was released on PC in December and had been available via Early Access eight months prior to that. On the same day that the game had its full PC release, Codemasters announced that the game would be appearing on Xbox One
too, marking the DiRT
series' first foray onto the latest generation of consoles. Last week, we were invited to Codemasters HQ to try out the new title, which has been in development since 2012, and to capture some exclusive Xbox One gameplay footage.
The objective is to provide gamers with an authentic rally experience, much like the original Colin McRae
series. The key to a realistic rally game is the surface modeling between the tyre and the road. Nine months into the project, the team realised that their existing physics engine was not quite up to the job, so they were forced to rewrite it from scratch. This allowed them to add far more depth to the modelling, including support for multiple surface types, suspension, differential, engine mapping and weather conditions.
The team's main aim for the console versions is to provide an equally realistic and challenging experience as the one that PC gamers have already been enjoying, without any "dumbing down" of the game. There's a new Tutorial section, which they advise that inexperienced rally drivers should use before delving into the Rally mode itself. After that the only way to become skilled at the game is through good, old-fashioned practice.
It should be said that the game is
challenging the first time that you sit down and play it. The temptation with any driving game is to floor the accelerator and brake only when you see a corner approaching, but using that tactic in Rally
will, more often than not, leave you in a ditch or wrapped around a tree. The safety net of the Flashback (or rewind) system that was seen in previous games is gone and this is something that has the potential to improve the overall gaming experience. With the ability to continuously re-drive every corner until you've done it perfectly, driving games are far less intense.
Instead, you need to pay close attention to your AI co-driver. He'll shout commands describing the direction and severity of upcoming bends, and your success in the game relies on you heeding his advice. As you can see from our Crashes and Smashes video, if your concentration slips even for a moment, you can find yourself in trouble. As well as being an incredibly true-to-life driving experience, the game cranks up the realism to the next level with its team management system in career mode. This will see you employing a crew of engineers, each of whom have their own skills and expertise, to repair and upgrade the performance of your car. As you race together, they gain experience that will improve their skills and, hopefully, allow you to shave valuable seconds off your stage times.
The 70+ stages, spanning six different rallies, have all been meticulously mapped from the actual World Rally Championship events. They include the legendary hill climb of Pikes Peak, the snowy thrills of Sweden and the dusty trails of Greece. As well as adding a wide variety of locations to the game, they all look stunning. Codemasters is targeting 1080p and 60 frames per second for the Xbox One. The current builds are already very close to achieving those specs and there wasn't any noticeable slow down or frame rate drops while playing. By the time that the game launches in April, Codemasters is definitely on target to achieve this.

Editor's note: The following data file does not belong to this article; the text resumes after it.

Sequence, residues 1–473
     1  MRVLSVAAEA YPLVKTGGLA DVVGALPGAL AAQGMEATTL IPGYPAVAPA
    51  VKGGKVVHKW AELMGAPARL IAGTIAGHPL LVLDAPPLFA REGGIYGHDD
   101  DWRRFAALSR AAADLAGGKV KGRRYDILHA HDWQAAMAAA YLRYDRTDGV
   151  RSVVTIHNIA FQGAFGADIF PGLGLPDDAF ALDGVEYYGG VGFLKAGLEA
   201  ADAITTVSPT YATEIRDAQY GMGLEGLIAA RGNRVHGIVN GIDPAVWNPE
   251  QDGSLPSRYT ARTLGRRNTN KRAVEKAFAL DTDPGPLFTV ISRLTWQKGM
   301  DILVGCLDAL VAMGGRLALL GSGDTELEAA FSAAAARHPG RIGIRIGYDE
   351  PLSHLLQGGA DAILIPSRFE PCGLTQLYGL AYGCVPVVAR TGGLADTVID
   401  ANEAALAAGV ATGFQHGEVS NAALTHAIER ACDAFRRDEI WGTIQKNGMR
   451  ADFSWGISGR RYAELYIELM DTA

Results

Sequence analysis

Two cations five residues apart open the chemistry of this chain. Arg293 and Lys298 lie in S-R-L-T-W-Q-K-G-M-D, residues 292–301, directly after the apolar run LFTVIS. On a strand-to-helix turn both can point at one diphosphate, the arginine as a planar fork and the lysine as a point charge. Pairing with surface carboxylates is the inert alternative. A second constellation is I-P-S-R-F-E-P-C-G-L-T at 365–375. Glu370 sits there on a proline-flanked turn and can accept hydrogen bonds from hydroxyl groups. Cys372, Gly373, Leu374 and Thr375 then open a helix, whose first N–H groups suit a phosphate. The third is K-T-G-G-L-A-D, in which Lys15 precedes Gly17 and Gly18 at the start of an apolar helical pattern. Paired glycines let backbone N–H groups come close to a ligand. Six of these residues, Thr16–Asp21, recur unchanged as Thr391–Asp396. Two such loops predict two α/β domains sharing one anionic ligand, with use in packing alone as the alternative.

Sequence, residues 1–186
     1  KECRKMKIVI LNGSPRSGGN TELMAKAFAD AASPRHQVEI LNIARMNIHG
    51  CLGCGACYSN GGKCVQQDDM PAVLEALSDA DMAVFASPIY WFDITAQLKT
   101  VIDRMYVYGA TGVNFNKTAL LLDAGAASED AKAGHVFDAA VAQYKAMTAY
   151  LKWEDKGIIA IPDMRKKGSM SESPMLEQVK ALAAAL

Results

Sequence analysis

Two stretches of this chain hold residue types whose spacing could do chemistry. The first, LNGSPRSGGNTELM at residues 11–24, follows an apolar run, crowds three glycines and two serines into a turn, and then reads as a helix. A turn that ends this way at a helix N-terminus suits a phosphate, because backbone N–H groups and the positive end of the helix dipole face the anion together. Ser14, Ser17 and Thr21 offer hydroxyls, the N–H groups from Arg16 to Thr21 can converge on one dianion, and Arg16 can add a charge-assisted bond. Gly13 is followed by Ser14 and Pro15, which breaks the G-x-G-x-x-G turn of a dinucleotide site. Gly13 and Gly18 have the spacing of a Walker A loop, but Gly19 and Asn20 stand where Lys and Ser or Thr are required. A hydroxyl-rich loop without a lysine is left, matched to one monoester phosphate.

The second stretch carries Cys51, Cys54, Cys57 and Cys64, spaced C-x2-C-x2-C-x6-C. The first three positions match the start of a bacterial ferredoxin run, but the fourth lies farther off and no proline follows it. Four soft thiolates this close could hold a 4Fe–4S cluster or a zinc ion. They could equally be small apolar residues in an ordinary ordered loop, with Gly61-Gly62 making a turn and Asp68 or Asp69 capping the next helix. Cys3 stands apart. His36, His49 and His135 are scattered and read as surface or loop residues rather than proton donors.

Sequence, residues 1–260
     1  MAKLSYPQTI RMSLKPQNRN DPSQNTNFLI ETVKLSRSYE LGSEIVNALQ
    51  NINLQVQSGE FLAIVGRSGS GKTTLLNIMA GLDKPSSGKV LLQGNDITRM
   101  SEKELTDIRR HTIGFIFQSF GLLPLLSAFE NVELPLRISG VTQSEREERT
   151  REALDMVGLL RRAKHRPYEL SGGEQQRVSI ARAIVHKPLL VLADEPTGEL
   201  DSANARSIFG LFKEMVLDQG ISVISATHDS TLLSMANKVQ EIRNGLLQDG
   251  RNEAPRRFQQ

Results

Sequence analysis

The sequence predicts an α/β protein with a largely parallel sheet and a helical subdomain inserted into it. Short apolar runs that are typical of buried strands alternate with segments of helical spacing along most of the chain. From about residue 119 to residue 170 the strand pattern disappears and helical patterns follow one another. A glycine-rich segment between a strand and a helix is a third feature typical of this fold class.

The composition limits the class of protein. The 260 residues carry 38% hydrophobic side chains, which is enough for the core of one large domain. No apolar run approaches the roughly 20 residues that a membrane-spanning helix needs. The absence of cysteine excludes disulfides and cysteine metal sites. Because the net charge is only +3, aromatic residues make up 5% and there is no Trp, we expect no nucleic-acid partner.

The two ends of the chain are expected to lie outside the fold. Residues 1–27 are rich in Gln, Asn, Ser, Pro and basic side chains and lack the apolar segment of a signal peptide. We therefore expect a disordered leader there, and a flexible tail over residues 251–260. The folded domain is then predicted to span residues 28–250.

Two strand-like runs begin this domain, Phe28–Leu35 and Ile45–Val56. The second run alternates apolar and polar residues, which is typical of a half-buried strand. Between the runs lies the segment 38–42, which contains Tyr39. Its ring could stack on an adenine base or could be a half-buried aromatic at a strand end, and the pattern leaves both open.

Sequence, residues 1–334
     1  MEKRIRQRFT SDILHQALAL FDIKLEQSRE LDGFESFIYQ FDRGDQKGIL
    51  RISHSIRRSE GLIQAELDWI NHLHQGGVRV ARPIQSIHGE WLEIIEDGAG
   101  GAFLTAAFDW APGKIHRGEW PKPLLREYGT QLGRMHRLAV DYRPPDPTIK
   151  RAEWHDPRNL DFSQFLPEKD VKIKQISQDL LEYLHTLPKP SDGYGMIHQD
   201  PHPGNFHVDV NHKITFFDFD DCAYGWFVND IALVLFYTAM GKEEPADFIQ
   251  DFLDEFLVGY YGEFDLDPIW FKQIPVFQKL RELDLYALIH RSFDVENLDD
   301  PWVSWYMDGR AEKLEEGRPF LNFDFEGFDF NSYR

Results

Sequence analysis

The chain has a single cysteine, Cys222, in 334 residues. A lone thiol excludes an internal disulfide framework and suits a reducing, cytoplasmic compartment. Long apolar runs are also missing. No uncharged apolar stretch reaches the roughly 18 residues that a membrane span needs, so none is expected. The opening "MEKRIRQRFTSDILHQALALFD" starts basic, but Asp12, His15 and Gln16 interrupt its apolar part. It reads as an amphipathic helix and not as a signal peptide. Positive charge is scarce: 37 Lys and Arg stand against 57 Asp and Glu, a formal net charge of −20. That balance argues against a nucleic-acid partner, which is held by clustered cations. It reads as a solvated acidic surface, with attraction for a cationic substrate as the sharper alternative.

As well as the standard Rally mode, which is a solitary experience, the game includes three real-world tracks from the sport of Rallycross. This mode sees you competing directly against other cars around multiple laps of the track and you have a choice of six of the fastest off-road cars in this mode. Due to the lack of cliff edges, this mode is slightly more forgiving if you make mistakes. An element of strategy is also at play as all the cars have to take a detour during the race to include a circuit around the "Joker Lap", a slightly larger lap that is outside of the normal racing area. Choosing the right time to take this lap can have a big impact on the final race standings. The game features extensive multiplayer support with private and public online leagues. The Rallycross mode also has full online support and will, no-doubt, be massively popular given the amount of fun had during the play session.
Racing games are best played with a steering wheel and pedal set and Rally
is no exception. Since the start of the game's Early Access period on Steam, the team has spent a lot of time working on force feedback. Some gamers who had wheels and pedals had originally felt that the feedback wasn't quite right, so the developers worked closely with them to rebuild the system and tweak it over the course of several months. The results of all of that effort were apparent. Using the Logitech G920 wheel and pedal set, the feedback was powerful and, at times, somewhat violent. As you drive along the road, you feel every bump and slide and it really adds to the experience. However, if you make a mistake and hit something that is stationary, you will definitely know about it!
One impressive aspect of our visit and chat with Codemasters' team is the amount of post-launch community support that they intend to give the game. They will be running various daily, weekly and monthly challenges that will allow the community to compete against each other and earn in game credits to help improve their teams and cars. This should add more even more longevity to a game that already has a lot of content. Once DiRT Rally
releases on Xbox One on April 5th, be prepared to spend many hours at the wheel of a rally car.All footage was captured by the TrueAchievements team at Codemasters Southam Studio from a preview build of the game running on an Xbox One.
To see more video of from our visit, please visit our YouTube channel.